It is somewhat disturbing to read of the spat between two popular TV actresses (“Pan Lingling's alleged comments on relationships of Hong Huifang's children led to their split” (July 25, 2018, The Straits Times).
Even more troubling now is that a former Ex-MediaCorp actress Julie Tan has joined in the fray – as reported in “Julie Tan hits back after Hong-Pan spat casts spotlight on love life” (The New Paper, July 25, 2018).
Relationships can be so tricky, and even the best of friends can fall out when hurtful words said on the spur of the moment causes anger, bitterness, jealousy, envy and resentment. Spats can also take place in homes when relationships turn sour.
Given that these two artistes have a large fan base, it does not augur well for both of them as well as for MediaCorp to vent out their dispute that has caught the attention of the media. Added to that, morale among their fellow artistes can take a beating. If these issues are not handled properly, the reputation of MediaCorp will suffer. We should not allow this to happen to our national broadcasting station. It would help if the MediaCorp HR department counsels the celebrities involved so that others who feel upset about this spat will not jump on the bandwagon.
MediaCorp has done exceptionally well by showing kindness to the less fortunate in Singapore through their on-going fun-raising shows on TV, programmes that raises awareness of those with special needs and through their staff who do community work. Such kindness must be ingrained in all their employees.
In all relationships, we need to embrace understanding, forgiveness, love and care for one another, as life is so very fragile. Just read the reports of people in Vietnam and Philippines who are struggling to cope with natural disasters, the collapse of a dam in Laos and the heatwave that has devastated the lives of thousands in Japan to fully understand what an uncertain world we now live in.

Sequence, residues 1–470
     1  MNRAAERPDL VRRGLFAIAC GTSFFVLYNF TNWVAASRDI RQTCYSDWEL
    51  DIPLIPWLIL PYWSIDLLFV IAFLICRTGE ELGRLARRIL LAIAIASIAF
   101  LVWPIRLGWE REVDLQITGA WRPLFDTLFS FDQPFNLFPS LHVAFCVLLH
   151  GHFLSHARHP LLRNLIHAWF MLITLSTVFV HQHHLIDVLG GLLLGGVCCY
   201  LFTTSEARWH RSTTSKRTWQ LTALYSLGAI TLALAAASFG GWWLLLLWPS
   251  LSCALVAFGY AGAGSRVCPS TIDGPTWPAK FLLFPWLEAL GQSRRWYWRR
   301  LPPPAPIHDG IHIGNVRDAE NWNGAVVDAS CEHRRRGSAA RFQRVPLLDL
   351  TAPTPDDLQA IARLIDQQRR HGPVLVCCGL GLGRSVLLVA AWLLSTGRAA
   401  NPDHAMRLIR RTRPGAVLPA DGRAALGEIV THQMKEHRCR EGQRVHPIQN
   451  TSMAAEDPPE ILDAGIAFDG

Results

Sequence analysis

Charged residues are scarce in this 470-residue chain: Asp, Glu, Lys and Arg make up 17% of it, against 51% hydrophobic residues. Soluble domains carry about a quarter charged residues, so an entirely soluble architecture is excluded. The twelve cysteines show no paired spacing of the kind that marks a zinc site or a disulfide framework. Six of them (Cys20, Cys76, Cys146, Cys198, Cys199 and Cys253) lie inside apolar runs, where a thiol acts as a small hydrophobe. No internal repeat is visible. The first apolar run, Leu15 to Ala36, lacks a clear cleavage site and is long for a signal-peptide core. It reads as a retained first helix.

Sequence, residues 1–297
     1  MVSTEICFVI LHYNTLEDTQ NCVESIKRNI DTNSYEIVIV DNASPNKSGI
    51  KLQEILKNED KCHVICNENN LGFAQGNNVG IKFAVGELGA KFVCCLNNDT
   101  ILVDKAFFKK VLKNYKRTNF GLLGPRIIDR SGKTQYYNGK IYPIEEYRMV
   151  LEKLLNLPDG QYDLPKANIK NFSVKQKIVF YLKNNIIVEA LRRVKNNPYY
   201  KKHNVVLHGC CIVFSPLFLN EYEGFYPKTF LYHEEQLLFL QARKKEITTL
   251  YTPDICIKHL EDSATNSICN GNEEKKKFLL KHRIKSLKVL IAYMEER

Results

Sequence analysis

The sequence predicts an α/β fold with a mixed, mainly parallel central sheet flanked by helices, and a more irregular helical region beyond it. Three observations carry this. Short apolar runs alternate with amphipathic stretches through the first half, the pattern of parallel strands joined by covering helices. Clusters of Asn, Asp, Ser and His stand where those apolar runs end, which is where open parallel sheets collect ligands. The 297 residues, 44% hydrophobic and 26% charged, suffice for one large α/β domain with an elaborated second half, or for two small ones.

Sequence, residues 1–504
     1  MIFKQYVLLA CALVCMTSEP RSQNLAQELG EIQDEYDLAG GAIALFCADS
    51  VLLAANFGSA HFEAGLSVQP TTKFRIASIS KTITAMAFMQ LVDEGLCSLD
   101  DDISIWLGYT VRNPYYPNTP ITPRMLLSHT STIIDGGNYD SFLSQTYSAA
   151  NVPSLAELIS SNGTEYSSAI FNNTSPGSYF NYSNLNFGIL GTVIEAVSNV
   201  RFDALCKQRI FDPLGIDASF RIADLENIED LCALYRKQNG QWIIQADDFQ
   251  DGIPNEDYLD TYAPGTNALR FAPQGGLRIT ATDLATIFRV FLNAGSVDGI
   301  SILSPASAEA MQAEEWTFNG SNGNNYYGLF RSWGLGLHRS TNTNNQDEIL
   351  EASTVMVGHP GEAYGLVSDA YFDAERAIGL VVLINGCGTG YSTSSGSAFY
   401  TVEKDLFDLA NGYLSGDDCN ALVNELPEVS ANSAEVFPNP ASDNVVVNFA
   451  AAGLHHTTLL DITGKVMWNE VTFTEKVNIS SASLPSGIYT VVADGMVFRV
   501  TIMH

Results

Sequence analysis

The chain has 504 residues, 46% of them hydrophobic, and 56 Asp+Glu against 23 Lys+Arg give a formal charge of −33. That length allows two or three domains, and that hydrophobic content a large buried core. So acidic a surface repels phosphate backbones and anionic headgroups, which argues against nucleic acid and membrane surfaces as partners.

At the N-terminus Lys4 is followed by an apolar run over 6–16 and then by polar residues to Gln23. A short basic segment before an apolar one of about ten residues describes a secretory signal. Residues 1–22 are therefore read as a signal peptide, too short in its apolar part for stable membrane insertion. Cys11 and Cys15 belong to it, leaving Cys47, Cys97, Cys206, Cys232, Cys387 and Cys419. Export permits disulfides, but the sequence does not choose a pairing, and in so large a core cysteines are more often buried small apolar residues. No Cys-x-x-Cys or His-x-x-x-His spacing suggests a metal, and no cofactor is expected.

Though these events are mind boggling, we have also seen that out of such human tragedy, it is the milk of human kindness that has united people together – against the odds.
Many people and organisations will readily step forward to provide that much-needed assistance and give a glimmer of hope to those in chaos. And on all accounts, it so important to practise the virtue of kindness.
If we want to build a better home here in Singapore – for both locals and foreigners who live here, then everyone of us, including the media, must take on that added responsibility of bringing people closer together and bonding them. More so when we live in a fast-paced environment with so much uncertainties coming on-stream.
This brings to my mind, my number 1 choice song which is, “Try a little kindness”, sung by well-known country and western singer Glen Campbell. It is one of my favourite songs because to me, the lyrics bear an important message, a forgotten virtue, often overlooked in this complicated world of increasing stress and strain, greed and selfishness. The message is one of showing kindness to another.
The Hollies smash hit, “He ain’t heavy, he’s my brother”, is yet another meaningful song because it too touches on the struggles in life and the apparent need for people to help one another.
That said, I urge both Pan Lingling and Hong Huifang to set aside their differences, don’t hold anymore grudges, embrace kindness and then work towards reconciliation.
Raymond Anthony Fernando